The numbers of people learning Torah today are historically unprecedented.  There are literally tens of thousands of young men and women occupied in full-time Torah study, primarily in the Land of Israel.  And the flourishing of daily Torah engagement by everyday people from all walks of life in Israel and abroad is the clear fulfilment of the messianic prophecy, “And the Earth will be filled with the knowledge of G-d as the ocean is filled with water.”

At the same time, one hundred years ago, Rav Kook could never have imagined how quickly his ideas would become a reality.  The spiritual blessing Israel is providing to the world in the twenty first century is paralleled only by an incredible physical and material burst of blessing.  Our prophets foretold of the day the nations of the world would flock to Israel to be part of the material blessing.  Today, a hugely disproportionate share of medical and technological advances finds its origins in Israel.

Which aspect is more important, the spiritual or physical benefits of the Land of Israel?  Naturally, one would assume that a spiritual connection is more powerful than a physical connection.  Rav Hamnuna interprets the Torah verse, however, to establish that whichever species is closest to the word ‘land’ takes precedence.  The dates from the second list are closer to the land than the pomegranate of the first list.  Rav Kook explains that some people’s physical connection to and love for the land is stronger than others’ spiritual connection.  Every person has their personal connection to the Land of Israel.  Motivation ranks second to passion.

Who, would you think, is more dedicated to Israel, the family that visits annually and spends the bulk of their time in Tel Aviv, or the family that visits once each decade and stays in Jerusalem?  If Israel were only a spiritual concept, then the latter family would win the debate.  But Israel is both a manifestation of the spiritual, and at the same time, a physical piece of land.  If you dedicate yourself constantly to the promotion of Israel’s amazing material contribution to the world, you are closer to the ‘land’ than someone whose first stop when they land is the Kotel, but then return home to the Diaspora and think little of Israel until their next visit.

Ultimately, both aspects are essential to the maximization of Israel’s blessing to an individual and to the world.  If all you ever do when you go to Israel is visit startups and Tel Aviv cafes, next time you might consider scheduling in a day of yeshiva learning into your itinerary.  If all you ever do is visit the Kotel and graves of the righteous, next time you should think about including a lecture about Israel’s medical impact on the world.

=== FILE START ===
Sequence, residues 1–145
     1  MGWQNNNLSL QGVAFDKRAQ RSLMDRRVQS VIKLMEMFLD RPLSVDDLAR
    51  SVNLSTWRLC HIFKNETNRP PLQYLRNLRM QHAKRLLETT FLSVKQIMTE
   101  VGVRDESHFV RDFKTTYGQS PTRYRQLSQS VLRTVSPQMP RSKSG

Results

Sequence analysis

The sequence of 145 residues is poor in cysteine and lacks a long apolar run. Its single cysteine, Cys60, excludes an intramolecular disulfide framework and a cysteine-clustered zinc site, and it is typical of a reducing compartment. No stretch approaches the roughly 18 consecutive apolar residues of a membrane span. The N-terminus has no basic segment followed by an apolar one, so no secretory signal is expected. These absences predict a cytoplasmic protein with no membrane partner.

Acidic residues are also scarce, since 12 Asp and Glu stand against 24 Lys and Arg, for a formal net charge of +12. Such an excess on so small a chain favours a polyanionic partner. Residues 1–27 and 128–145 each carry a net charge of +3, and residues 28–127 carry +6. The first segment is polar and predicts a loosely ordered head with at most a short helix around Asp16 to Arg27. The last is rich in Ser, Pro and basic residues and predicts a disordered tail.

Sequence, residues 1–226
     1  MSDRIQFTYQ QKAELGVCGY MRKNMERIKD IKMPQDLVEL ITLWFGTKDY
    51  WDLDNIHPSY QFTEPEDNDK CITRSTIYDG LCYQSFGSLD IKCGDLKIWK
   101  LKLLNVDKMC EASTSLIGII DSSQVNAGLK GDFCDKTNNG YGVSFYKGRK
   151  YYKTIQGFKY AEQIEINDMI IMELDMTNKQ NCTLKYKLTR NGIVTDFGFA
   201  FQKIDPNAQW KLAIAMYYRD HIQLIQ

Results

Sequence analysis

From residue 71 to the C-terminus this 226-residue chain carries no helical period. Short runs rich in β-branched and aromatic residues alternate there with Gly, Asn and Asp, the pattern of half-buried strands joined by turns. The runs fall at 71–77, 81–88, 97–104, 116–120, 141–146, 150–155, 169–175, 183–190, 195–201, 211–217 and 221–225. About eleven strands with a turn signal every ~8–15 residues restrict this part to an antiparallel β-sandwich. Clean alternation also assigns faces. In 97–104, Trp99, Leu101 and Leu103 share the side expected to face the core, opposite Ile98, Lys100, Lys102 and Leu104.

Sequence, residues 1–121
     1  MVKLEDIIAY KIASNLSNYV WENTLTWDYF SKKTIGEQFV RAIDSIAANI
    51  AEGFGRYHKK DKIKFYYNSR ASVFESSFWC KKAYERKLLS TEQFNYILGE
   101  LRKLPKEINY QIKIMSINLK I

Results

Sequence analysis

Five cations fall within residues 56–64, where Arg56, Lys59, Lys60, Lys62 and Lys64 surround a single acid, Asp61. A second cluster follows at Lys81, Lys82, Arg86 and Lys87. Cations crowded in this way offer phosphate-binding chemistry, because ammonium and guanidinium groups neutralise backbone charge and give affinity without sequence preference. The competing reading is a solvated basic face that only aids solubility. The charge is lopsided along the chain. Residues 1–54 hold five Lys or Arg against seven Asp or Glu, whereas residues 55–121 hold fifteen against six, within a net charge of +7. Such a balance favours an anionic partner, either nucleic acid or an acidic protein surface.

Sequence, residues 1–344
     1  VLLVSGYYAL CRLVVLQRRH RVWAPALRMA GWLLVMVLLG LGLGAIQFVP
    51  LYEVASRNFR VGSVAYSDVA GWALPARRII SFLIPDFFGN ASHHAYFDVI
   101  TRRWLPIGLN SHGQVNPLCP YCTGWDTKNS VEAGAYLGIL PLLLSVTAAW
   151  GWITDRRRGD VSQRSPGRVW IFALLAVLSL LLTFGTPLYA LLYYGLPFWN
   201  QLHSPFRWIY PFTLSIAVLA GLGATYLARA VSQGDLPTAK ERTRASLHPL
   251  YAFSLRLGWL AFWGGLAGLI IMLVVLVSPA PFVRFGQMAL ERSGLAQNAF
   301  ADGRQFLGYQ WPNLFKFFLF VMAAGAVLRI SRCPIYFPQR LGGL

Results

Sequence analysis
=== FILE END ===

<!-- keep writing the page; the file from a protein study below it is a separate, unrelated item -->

(Indeed, on one family trip to Israel, the Rabbanit commented, ‘Enough with the kevorim (graves) already!  At this rate, that’s all our children will remember about Israel – one big cemetery!  Yes, they’re important – both the graves of ancient rabbis and modern IDF soldiers – but we must remember to demonstrate to our children that Israel is alive and well, thriving and flourishing.  And that is a clear and open miracle – the rebirth of a nation in its ancient homeland – an event that’s never happened to any other nation and land in history.)

We are living in biblical times.  The ancient prophecies are unfolding before our very eyes.  The Land of Israel is central in the minds and lives of nations and individuals across the globe, as they engage with Israeli scientists, academics, and business leaders on a daily basis. And Torah is being learned in numbers that have not been seen since we stood together at the foot of Mt. Sinai. May you make Israel central to your life and may the land be a source of physical and spiritual blessing for you and your family!

About the Author
Rabbi of Hampstead Garden Suburb Synagogue, London, UK.